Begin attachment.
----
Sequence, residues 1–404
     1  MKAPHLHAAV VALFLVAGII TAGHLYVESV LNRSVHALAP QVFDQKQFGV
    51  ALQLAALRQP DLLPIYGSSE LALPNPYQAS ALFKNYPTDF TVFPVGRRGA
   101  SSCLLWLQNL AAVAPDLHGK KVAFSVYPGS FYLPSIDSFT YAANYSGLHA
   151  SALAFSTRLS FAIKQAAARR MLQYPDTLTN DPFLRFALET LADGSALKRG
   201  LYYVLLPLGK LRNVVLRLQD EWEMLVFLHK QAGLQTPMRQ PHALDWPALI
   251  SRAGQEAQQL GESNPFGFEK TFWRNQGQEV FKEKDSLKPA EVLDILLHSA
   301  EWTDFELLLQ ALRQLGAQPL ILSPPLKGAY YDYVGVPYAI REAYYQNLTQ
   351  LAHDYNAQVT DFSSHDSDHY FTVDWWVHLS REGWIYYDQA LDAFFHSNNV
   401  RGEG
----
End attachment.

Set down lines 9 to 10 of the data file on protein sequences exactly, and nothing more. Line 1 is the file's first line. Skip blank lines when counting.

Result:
   351  LAHDYNAQVT DFSSHDSDHY FTVDWWVHLS REGWIYYDQA LDAFFHSNNV
   401  RGEG